Aquaculture program gets national attention

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Just one meeting with Barry Bey, aquaculture instructor at South Brunswick High School, and you just can’t help but like all things fish. His knowledge and enthusiasm is contagious and the program has gained yet another place in the national spotlight by a group who knows a thing or two about fish.
Sea World has just named the South Brunswick High School aquaculture program as one of only three recipients nationwide of the 2012 Sea World/Busch Gardens Environmental Excellence Award. The award grants $10,000 to help support the advancement of the program and allows Bey and three students to receive the honor in person and experience behind-the-scenes access later this summer at Sea World in Florida.
Bey has been at the helm of the program for 25 years, but is quick to credit his students for making this award possible.
“They did 99 percent of the work,” he said.
Seniors Kayla Hux and Robert Capps, along with sophomores Ashley Sloup and Olivia Huntley, were instrumental in the development of the extensive application and required submission video. Hux, whose responsibilities included editing of the final application in accordance with the application rules, mentioned that the experience made her more attentive to details; most recently when completing her own college applications.
Capps said he is now more aware of the importance of time management. Students unanimously agree that Bey places trust in his students and as a result, they rise to the challenge.
The program’s enrollment continues to increase, which according to Sloup, is partially due to the school’s Smart Lunch and Bey’s open-door policy that encourages students to walk through the indoor lab.
“It is important there is something unique in school. This program is really cool to have,” Huntley added.
One of the key components in the aquaculture program is students’ involvement with local community service projects, which include volunteering at local fishing tournaments, like the U.S Open King Mackerel Tournament in Southport, and the Small Fry Fishing Tournament. These opportunities provide students with hands-on experience with marine biologists and other individuals in the field.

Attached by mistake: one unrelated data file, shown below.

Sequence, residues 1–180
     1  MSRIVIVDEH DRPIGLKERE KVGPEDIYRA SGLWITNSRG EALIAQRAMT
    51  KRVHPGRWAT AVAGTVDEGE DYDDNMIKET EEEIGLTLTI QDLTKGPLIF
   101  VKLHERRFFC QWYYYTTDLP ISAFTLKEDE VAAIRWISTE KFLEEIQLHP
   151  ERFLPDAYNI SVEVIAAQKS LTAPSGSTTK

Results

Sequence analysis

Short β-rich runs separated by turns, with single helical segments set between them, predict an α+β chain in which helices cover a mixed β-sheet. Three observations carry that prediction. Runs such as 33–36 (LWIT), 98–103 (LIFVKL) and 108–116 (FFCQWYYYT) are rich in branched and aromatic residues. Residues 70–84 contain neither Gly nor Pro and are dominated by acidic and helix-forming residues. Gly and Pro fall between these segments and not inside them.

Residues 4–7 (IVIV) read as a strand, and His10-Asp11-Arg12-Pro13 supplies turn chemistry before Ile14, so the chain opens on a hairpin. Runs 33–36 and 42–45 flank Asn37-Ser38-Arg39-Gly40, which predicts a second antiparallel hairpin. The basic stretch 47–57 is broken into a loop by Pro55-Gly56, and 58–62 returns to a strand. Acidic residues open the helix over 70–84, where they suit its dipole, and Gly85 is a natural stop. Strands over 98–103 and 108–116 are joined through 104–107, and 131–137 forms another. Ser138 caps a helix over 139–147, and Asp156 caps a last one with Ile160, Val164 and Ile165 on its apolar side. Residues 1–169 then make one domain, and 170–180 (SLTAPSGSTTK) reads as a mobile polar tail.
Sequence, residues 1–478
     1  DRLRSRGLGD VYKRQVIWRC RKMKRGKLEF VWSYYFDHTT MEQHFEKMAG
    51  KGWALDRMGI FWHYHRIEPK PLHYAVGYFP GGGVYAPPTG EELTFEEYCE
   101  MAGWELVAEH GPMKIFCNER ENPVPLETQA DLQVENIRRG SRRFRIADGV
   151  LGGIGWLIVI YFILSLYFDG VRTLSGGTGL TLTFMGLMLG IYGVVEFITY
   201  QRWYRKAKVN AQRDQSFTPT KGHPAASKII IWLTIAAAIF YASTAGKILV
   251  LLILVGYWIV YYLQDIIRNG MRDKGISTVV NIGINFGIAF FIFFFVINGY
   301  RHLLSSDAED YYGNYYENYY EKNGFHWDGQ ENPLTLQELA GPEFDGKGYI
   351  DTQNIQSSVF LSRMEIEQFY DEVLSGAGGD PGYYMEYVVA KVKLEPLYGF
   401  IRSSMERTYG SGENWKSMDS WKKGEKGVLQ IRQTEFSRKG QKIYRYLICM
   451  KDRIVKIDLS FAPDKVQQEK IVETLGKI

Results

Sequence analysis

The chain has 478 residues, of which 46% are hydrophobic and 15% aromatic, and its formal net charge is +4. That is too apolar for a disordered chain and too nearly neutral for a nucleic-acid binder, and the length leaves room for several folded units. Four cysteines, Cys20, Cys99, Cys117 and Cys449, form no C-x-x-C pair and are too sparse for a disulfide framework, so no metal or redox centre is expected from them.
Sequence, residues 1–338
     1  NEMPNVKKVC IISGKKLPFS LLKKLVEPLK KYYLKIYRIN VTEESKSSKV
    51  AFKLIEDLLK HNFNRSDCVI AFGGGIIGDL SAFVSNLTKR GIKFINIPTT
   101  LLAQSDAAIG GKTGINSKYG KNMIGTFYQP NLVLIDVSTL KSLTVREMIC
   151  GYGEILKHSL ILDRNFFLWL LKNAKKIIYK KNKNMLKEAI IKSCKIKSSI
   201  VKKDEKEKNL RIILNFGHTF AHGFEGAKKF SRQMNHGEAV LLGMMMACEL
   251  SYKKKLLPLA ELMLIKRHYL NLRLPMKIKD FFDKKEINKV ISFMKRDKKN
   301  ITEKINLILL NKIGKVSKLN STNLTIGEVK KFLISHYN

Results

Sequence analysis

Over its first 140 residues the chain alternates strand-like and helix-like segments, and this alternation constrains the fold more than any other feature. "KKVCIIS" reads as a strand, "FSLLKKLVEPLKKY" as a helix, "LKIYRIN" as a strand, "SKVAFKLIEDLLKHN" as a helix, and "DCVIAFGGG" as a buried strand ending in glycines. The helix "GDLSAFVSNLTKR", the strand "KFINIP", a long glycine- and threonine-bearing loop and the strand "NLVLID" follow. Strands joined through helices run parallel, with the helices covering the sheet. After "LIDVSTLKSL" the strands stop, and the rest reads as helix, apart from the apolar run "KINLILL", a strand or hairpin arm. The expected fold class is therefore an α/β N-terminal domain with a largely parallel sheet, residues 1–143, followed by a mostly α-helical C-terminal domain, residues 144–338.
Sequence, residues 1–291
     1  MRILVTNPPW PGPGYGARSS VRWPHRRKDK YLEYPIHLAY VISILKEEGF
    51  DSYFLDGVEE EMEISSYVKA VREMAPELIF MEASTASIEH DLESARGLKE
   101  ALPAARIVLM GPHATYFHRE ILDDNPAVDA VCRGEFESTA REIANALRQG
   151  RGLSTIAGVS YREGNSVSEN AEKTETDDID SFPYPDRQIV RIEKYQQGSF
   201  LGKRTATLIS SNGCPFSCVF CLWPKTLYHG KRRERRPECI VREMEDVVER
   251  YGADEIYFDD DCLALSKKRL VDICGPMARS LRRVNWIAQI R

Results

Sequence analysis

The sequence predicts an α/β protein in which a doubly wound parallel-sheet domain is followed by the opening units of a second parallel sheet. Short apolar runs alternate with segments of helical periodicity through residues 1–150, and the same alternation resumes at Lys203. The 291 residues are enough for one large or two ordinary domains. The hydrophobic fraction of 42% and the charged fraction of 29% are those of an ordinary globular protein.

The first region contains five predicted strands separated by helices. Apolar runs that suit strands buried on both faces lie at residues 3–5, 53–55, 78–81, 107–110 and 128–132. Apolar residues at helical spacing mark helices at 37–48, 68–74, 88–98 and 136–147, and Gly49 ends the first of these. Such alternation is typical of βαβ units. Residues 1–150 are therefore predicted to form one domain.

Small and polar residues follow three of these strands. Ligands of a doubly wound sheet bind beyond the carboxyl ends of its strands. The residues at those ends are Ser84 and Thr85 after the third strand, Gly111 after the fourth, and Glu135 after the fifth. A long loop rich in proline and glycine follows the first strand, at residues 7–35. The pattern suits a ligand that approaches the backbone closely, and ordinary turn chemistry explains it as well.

Students also serve as resident experts and help educate the public about the program and the importance of estuarine health.
What provided the backbone for the Sea World award was the FFA community service project of stocking southern flounder back into N.C. Marine Fisheries’ designated nursery areas that have declining southern flounder populations.
Annually since 2006, students have released southern flounder into Davis Creek in Oak Island. Students hatch and raise the flounder at the SBHS indoor aquaculture lab before the big release in the fall of each year.
Bey notes this project makes students and the public aware of just how fragile estuarine nurseries are and how we are facing declining stocks from over-fishing, coastal development, and pollution. Bey feels that replacing fisheries resources through stock enhancement done under the direction of N.C. Marine Fisheries makes everyone more environmentally aware and increases the buy-in for developing state saltwater hatcheries.
Environmental consciousness is something Bey stresses to his students and demonstrates through his program, which boasts the nation’s first high school solar powered fish farm. By using solar power to generate their own electricity, South Brunswick’s aquaculture program is able to provide power to the four aerators in the outdoor fish production ponds. The solar conversion was done thanks to school and community support including Progress Energy.
Bey says the program’s success has always been due to overwhelming community and agency support.
Producing college and career ready students is not only a district and school goal, but a personal one for Bey, who feels the exposure students get to aquaculture in high school can lead to multiple career options including, but certainly not limited to, marine biology, water quality assessment, and commercial/retail pet stores.
Learning of the grant award was sweet music to Bey, as annual program costs typically run about $10,000. The award will be used to buy classroom technology and program essentials, such as bird netting, salt, algae paste, fish feed, rotifers, artemia and de-chlorinators.
Bey hopes there will also be funds available through the award to continue the program’s efforts to go green.
Bey is revered by his students. In addition to the program award application, students nominated Bey for the Outstanding Educator Award, which will be announced during the summer ceremony at Sea World.